Does Sports Betting Pay Off?

States generate revenue from sports betting by taxing winnings. Tax rates on sports betting range from 6.75% in Iowa to 51% in New York and Rhode Island. A few states levy different rates on retail and online wagering. Retail gaming operators expressed concern that online gaming would siphon off casino and racetrack customers and hurt their bottom lines. In response, policymakers in some states created a two-tier tax structure to give retail sports betting a lower tax rate. While most states have a flat rate for sports betting revenue, Arkansas and Mississippi use graduated tax rates, and Vermont imposes different rates on the three different sports betting operators. (For current state tax rates, see March Madness Brings On the Bets.)

Since the legalization of sports betting, states have collected hundreds of millions of dollars in tax revenue. Most of that has come from online sports betting because people who don’t frequent casinos can get in on the action through a mobile app or website. And more betting means more revenues.

Take Arkansas and New York, for instance. Both states expanded sports betting to include online wagering in 2022. The next year, tax collections doubled in Arkansas, with revenues going from less than $2 million in fiscal year 2022 to over $4 million in fiscal 2023. Similarly, New York collected less than $2 million in tax revenue during the first nine months of fiscal 2021; after online sports betting began in the last three months of fiscal 2021, revenue collections jumped to $163 million. The large increase in collections is due in part to the 51% tax rate on online sports betting.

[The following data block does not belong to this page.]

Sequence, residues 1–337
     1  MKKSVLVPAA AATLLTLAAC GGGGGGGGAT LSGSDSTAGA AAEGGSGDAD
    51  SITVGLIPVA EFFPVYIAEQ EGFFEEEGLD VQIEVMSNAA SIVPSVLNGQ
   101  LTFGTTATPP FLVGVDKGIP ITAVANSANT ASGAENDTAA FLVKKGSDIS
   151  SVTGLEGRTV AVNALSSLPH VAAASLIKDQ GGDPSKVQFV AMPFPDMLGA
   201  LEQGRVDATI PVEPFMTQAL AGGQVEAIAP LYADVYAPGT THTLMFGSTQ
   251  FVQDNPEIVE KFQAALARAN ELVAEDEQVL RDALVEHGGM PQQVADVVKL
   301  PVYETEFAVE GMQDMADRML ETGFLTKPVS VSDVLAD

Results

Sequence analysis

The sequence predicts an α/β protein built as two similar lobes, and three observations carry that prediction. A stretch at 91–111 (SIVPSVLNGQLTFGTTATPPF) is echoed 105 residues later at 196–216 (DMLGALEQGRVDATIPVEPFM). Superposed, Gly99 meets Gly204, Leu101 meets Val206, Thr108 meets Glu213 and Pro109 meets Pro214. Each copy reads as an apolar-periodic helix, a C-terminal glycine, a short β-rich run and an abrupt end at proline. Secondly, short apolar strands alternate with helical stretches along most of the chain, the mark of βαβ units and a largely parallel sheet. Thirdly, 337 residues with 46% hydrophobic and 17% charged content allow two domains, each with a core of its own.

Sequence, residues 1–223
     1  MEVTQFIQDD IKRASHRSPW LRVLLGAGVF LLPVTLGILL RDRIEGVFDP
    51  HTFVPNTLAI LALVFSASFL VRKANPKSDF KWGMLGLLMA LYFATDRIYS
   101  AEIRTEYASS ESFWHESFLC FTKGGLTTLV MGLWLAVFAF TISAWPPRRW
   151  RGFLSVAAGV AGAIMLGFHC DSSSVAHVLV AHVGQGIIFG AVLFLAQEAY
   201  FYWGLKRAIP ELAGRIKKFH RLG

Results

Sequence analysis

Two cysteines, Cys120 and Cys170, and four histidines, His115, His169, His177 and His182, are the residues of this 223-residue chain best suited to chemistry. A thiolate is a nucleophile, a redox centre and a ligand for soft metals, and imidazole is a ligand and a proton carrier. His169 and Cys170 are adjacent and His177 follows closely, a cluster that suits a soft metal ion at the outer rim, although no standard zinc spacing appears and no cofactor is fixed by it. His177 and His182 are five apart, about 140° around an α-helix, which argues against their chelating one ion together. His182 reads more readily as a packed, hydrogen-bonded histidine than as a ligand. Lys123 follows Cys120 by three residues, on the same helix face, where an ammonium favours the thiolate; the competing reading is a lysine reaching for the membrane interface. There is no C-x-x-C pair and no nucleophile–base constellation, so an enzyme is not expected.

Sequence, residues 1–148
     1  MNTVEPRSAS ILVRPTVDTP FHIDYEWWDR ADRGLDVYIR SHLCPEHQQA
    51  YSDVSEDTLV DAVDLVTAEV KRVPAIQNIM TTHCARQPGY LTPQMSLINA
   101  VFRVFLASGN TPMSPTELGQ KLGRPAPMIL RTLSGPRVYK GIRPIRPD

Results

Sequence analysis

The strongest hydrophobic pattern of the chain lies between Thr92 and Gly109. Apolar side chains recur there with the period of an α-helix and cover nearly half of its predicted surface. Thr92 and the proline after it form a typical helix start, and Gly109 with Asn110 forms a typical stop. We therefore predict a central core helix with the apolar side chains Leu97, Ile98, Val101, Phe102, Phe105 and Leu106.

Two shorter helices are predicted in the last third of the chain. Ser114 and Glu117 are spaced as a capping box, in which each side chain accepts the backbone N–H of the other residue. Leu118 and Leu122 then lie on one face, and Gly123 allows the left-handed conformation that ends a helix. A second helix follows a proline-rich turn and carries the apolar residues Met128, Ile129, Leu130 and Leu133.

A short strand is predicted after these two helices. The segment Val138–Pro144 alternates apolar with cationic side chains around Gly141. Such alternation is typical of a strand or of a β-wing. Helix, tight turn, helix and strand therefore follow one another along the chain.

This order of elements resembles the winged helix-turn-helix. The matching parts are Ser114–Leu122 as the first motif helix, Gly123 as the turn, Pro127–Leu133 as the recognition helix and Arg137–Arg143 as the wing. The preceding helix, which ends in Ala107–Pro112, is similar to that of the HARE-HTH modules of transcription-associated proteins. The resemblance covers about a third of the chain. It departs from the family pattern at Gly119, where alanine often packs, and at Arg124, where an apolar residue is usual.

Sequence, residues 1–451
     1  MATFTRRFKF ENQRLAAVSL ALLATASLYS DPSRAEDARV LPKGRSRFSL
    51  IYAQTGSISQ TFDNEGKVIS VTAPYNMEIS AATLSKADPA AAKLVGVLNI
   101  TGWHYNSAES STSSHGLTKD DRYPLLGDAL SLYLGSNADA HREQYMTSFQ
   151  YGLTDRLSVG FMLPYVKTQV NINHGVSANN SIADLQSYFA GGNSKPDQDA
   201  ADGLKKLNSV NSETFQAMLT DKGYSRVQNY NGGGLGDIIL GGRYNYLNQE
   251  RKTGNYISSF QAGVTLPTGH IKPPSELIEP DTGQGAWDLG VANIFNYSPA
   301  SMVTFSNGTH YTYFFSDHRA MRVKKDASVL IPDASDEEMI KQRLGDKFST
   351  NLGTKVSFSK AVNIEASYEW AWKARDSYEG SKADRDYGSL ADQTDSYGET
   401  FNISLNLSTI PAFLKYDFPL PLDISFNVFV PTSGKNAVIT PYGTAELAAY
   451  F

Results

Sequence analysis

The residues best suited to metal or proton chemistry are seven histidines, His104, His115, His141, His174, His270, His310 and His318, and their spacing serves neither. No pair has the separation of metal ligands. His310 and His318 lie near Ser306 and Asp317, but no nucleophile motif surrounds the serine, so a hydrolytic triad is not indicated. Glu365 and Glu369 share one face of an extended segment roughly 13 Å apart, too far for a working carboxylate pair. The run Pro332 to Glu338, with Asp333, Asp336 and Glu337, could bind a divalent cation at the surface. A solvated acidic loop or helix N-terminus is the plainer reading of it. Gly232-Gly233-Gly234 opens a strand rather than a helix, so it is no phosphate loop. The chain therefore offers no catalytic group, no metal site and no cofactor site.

The experience in other states is similar. In fiscal 2023, online sports wagering made up 92% of gross wagering receipts in Indiana and 89% of gross receipts in Pennsylvania.

However, tax revenue generated from sports betting is just a fraction of the gaming pie compared with total casino revenue. According to the American Gaming Association, commercial gaming operators contributed over $14.4 billion in gaming taxes in 2023, compared with $2.1 billion from the sports betting industry.

Where Does the Money Go?

Sports betting provides a steady source of income for states, but it’s not without costs.

Gambling addiction is a problem exacerbated by easier access to sports betting. In response, lawmakers in 14 states and D.C. earmark a portion of sports betting revenue for problem gambling treatment. Other common recipients of betting revenue include education programs, local governments and workforce development programs. Many states deposit the revenue into their general funds and allocate the funds where they see fit.

See the report March Madness Brings On the Bets for a detailed look at how states allocate sports betting revenues.

Andrea Jimenez is a policy associate in NCSL’s Fiscal Affairs Program.

  • Contact NCSL

  • For more information on this topic, use this form to reach NCSL staff.